Counting The Cost Of Your Business Plan
As a serious freelancer or contractor, you’ll need to make clear and consistent progressive changes to your business plan as you grow. Thinking ahead isn’t always the hard part, though. What’s really tricky is counting up the costs. Every adjustment you make, be it minor or major, needs to be financially accounted for before you take action.
Here we take a look at the price of putting together a freelancer or contractor business plan, and the types of things you need to consider before you make any decisions.
Understand and accept the price of doing business
In order to maximise your earnings, you’ll need to make investments across the board – which is why profit and income should never be regarded as the same thing. “You gotta spend money to make money,” the old saying goes, and when you take into account the fees for networking groups, annual subscriptions for software, and payments for online tools, it’s hard to disagree.
Understand that doing great business and offering the best possible service to clients involves spending some decent cash along the way. It’s simply the price of doing business – and these fees need to be factored into your business plan from day one.
Give yourself holiday/sick days
It can be tempting to battle on like a superhero in the face of the flu, but let’s face it, you’re not going to deliver a top-notch service when you’re ill. A lot of freelancers and contractors are terrified to take sick days or holiday time because they fear they’ll miss out on a wage, but if you factor estimated absence days into your business plan, you’ll be financially covered in either scenario.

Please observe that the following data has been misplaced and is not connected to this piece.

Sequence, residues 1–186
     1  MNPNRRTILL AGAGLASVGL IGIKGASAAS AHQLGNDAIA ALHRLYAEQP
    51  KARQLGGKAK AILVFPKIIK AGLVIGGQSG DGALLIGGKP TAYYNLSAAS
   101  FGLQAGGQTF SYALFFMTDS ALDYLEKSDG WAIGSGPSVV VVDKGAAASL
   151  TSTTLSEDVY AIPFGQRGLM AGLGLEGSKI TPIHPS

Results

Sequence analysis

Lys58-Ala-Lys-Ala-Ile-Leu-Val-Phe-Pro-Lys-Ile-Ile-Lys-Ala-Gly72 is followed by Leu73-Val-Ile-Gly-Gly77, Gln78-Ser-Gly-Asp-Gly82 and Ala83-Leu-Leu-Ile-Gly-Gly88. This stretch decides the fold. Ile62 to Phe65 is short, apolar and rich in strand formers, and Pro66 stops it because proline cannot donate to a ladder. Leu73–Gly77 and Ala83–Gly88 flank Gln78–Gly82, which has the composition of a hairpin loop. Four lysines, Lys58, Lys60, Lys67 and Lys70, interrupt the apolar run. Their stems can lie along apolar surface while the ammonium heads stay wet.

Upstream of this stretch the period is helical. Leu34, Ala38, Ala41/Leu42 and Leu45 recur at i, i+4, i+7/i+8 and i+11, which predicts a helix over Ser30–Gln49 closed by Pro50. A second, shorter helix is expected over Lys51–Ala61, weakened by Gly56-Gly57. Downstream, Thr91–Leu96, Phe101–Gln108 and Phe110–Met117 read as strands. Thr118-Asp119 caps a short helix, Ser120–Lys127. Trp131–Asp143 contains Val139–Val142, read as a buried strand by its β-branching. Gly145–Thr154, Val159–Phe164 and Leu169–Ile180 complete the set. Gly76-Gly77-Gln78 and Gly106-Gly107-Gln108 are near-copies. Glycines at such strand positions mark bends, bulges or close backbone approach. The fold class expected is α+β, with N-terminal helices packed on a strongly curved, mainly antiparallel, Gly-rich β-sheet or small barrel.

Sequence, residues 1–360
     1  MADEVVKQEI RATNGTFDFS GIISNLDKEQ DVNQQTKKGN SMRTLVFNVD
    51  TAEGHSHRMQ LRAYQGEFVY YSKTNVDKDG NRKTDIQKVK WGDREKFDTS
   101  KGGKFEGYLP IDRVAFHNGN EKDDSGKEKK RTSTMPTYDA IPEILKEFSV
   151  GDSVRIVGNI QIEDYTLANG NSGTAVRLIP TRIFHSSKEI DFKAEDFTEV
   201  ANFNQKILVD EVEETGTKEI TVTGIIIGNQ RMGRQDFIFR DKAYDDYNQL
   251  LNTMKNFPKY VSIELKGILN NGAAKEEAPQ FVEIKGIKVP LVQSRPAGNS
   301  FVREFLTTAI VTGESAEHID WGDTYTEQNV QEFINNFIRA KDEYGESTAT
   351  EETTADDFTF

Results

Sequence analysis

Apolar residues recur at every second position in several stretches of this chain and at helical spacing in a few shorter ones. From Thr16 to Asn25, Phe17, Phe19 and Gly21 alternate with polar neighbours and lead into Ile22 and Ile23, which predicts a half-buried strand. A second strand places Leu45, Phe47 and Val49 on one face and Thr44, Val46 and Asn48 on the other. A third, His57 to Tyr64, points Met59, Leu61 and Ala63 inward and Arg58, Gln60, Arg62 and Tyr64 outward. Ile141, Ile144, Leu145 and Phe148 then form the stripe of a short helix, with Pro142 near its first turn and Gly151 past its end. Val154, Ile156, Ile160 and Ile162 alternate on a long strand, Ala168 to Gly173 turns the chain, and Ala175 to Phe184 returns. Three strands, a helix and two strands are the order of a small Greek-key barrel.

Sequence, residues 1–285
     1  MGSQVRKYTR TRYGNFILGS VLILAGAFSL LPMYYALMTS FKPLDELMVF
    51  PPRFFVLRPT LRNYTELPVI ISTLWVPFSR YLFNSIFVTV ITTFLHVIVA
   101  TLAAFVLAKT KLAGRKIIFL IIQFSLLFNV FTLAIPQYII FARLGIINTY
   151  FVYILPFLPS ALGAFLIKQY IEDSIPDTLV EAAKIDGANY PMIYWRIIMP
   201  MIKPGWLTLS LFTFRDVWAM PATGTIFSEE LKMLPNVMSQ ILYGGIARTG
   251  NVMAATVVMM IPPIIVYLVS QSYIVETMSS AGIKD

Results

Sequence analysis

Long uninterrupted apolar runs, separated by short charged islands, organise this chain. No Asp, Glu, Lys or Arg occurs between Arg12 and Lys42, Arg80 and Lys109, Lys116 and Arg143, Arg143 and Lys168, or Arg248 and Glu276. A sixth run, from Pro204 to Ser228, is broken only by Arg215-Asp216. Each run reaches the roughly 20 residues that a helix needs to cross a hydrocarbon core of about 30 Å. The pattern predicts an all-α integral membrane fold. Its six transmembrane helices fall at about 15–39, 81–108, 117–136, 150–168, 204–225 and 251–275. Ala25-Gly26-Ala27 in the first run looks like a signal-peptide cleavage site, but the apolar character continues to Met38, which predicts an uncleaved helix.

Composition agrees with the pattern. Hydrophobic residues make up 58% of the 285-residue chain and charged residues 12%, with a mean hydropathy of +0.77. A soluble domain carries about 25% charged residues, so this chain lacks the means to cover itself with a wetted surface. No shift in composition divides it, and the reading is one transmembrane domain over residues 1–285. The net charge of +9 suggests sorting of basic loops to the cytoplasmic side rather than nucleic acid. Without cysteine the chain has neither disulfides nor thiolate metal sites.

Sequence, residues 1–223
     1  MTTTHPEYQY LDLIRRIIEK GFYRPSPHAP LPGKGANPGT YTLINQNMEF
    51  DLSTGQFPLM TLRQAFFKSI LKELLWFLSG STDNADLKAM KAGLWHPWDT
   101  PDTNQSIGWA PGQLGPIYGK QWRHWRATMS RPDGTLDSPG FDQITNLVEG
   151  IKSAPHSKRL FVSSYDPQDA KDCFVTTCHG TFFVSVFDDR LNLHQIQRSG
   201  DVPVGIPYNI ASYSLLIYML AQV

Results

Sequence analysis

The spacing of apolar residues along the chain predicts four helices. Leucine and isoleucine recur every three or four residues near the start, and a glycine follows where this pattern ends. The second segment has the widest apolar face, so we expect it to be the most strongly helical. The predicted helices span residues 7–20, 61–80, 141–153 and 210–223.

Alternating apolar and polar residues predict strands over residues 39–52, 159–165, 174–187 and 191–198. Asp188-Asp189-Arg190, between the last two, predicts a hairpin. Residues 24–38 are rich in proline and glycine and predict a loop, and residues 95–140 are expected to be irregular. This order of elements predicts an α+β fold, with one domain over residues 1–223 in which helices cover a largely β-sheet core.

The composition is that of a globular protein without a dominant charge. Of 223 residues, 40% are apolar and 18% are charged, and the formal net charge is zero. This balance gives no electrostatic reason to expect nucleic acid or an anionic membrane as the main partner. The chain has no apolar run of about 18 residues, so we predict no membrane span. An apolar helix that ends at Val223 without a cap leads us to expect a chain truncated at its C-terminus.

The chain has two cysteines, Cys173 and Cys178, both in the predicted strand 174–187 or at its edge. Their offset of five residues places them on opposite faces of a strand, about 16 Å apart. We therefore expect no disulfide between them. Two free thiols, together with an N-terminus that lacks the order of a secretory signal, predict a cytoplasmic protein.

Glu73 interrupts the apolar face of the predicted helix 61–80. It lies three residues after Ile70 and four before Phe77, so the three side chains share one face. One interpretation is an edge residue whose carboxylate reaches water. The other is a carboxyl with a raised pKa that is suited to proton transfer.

If you end up taking less time off than you initially planned, or you managed to stay free of illness for the whole year, you’ll be left with extra money which can be used towards a trip abroad next time instead. Win-win.
Keep calm with client management
When you’re making plans to expand, be sure you have enough long-term, well-paying clients tied into contracts. If you move too quickly you risk falling behind on finances, and then backing yourself into a corner as you’re forced to say yes to every possible lead. This inevitably creates an overstuffed schedule full of lower-paying clients, meaning you have no time left to continue your expansion plans anyway.
Draw up a realistic and achievable income goal based on your current crop of clients, and then add 25% to this figure to account for any dry spells that might happen at some point during the financial year.
As you continue to gain a reputation in your industry as a freelancer or contractor, you need to begin thinking of yourself as a small business rather than a lone wolf. And every small business must have a financially structured business plan. There’s a lot to consider along the way, and Bright Ideas Accountancy can explain and handle everything for you. Give us a call on 01061 451 3940 or email email@example.com to find out more.
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